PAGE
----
01. KING COLLEGE CHOIR  let all mortal flesh keep silence
This was a hymn sung in the Catholic Church I attended as a child and its dark and gloomy quality set the mold for much of my future musical interests.  I found this version on youtube.

02. YMA SUMAC tumpa (earthquake) 1950
My older sister owned this record when I was a child and the sound of it haunted me.  I still find it beautiful.

03. THE DOORS the crystal ship 1967
I was not much interested in music in my pre-teens except for the most thuggish of the American garage bands and British Invasion groups: the Kinks, the Troggs, the Seeds, Paul Revere and the Raiders, Davie Allan and the Arrows, etc.  But The Crystal Ship was the first song I heard on the radio that really spoke to me as being music of my generation – the psychedelic generation I guess I would say.  I had never heard such a druggy morose pop song before.  My second pick for #3 would be Janitor of Lunacy by Nico, for the same reasons.

04. FRANK ZAPPA weasels ripped my flesh 1970
This wall of pure noise was totally inspiring.  It’s hard to imagine the Japanese noise scene without this.  At this period I was just discovering electronic music:  Steve Reich’s tape loop pieces, Morton Subotnik, Stockhausen, and Xenakis appealed to me in particular.  Then Lou Reed’s Metal Machine Music (1975) came out and put this kind of stuff into the pop music sphere – ‘Industrial’ music was born.  But, as far as Zappa is concerned, my favorite Mother’s record is Absolutely Free (1967) which is a song collage and the individual tracks, in my opinion, don’t work as well outside of the entire flow of the record.  And, it’s one of the funniest rock records of all time.

05. SUN RA atlantis 1967
I discovered Sun Ra in the early 70’s and Atlantis is one of my favorite tracks by him.   This led to an infatuation with Free Jazz, particularly Albert Ayler, Archie Shepp, the Art Ensemble of Chicago, Ornette Coleman, and Alice Coltrane.  Sun Ra was particularly influential on the sound of my first band Destroy All Monsters, formed in 1974.

06. DONNA SUMMER & GEORGIO MORODER i feel love 1977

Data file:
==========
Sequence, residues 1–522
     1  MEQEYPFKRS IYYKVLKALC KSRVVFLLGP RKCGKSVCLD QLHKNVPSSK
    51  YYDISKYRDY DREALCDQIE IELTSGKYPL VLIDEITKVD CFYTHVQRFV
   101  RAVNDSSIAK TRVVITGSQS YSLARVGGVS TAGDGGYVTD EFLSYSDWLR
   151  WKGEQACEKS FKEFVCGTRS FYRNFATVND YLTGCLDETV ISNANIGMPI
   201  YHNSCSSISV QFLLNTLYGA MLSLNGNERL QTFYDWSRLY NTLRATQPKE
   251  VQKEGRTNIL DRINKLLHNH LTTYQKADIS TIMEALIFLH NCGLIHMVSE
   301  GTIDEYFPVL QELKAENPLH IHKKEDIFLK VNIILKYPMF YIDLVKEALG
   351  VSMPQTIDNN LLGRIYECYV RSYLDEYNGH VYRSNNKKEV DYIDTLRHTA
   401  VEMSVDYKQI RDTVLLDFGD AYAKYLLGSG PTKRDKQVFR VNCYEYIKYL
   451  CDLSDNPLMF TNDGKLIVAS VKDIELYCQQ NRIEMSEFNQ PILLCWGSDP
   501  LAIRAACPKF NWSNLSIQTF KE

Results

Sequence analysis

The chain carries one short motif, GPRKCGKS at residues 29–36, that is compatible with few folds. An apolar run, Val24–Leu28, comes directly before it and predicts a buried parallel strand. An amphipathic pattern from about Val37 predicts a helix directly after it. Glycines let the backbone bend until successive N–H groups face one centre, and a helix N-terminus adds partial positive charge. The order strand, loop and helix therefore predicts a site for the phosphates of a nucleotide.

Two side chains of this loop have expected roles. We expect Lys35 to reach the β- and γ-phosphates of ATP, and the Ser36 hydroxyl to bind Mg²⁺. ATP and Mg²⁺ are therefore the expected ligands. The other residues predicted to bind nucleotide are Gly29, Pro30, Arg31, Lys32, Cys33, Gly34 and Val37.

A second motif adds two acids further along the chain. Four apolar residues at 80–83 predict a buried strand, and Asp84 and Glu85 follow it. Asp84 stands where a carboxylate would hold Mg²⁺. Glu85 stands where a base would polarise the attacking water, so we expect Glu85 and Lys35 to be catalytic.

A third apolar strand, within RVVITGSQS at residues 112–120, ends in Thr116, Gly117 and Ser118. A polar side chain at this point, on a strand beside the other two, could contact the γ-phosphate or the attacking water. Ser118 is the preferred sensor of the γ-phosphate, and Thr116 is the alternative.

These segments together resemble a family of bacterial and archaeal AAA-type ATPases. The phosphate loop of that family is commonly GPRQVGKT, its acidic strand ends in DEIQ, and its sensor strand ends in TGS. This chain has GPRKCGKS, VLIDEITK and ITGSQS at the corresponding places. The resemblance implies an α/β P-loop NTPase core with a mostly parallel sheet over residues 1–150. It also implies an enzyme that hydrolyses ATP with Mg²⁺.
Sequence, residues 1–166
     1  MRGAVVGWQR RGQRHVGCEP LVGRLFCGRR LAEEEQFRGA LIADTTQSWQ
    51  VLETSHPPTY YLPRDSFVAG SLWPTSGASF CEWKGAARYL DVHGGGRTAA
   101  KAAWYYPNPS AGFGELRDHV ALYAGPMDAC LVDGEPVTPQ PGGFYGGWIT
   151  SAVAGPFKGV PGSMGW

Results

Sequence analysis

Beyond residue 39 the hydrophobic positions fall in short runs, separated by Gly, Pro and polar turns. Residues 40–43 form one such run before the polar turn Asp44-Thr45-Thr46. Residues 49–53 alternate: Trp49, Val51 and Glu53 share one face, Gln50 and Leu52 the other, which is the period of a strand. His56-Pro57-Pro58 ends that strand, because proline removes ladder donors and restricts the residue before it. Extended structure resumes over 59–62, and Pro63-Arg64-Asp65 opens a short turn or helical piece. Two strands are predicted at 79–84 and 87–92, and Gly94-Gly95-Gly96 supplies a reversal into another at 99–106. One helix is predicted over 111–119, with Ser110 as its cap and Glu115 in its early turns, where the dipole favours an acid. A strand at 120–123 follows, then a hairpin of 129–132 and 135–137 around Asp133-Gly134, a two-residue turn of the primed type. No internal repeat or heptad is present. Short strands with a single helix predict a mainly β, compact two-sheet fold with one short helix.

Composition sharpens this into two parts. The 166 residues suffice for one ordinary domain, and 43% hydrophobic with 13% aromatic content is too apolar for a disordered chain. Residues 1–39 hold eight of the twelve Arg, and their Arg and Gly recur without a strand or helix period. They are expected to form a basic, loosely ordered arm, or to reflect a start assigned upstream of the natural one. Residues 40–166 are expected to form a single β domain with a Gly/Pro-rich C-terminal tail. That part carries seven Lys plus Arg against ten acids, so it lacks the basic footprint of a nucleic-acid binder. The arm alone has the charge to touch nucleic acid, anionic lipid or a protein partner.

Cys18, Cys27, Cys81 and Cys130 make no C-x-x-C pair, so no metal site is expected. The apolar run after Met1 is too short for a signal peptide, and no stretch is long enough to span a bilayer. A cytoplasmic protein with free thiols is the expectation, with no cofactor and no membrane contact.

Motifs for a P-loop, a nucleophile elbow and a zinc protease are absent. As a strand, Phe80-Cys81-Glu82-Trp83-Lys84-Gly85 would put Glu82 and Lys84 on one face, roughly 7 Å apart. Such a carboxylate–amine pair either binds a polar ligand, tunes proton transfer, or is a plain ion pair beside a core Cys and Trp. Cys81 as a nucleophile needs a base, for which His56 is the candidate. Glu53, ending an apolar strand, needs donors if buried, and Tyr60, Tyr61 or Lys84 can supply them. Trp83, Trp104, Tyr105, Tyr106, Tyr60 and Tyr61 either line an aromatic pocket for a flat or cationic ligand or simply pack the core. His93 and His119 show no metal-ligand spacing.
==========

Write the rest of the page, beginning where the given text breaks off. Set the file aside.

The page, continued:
This song blew me away; I thought it was genius and still do.  It’s the first popular electronic dance song and is the genesis of the techno genre.  The marriage of Summer’s sultry orgasmic vocals and Moroder’s cold electronic beats is a perfect marriage of opposites.  Also, after I heard this I knew that the notion of ‘talent’ was over in pop music.  Anybody who could turn on a synthesizer or drum machine could make pop music.

I was fascinated by early Hip Hop.  It proved my assertion that inexpensive electronics would usher in a new popular music form.  Poor Black guys from the street with nothing but turntables, cheap electronic keyboards, and drum machines were making the most incredible, and funky, music.  Too bad this early period of turntableism and cheap electronics was left behind with the ascendancy of rapping.  I barely listen to Hip Hop now.  All of that macho posturing bores me.

08. SUICIDE ghost rider 1977
This New York proto-punk band invented synthpunk and no one has ever outdone them.  A vocalist and a keyboard player channel, and take to a new and dangerous level under the influence of the Stooges, the repetitious intensity of ? and the Mysterions.

09. ROD, TERI & THE MSR SINGERS the beat of the traps 1969
In the Seventies a friend of mine came across this album in a thrift store.  I had never heard ‘song poems’ before.  I had seen the ads in the back of cheap magazines that offered to produce songs, for a nominal fee, using lyrics sent in by anyone.  What these records reveal is the secret soul of American culture.  This is music no commercial record company would ever release, yet it is the true folk music of the period.

10. THE SHAGGS my pal foot foot 1969
another great example of real folk music found on a self-produced album of songs by a band made up of three teenage sisters.  The Shaggs unique sound has the fractured beauty of the best of Albert Ayler or Captain Beefheart.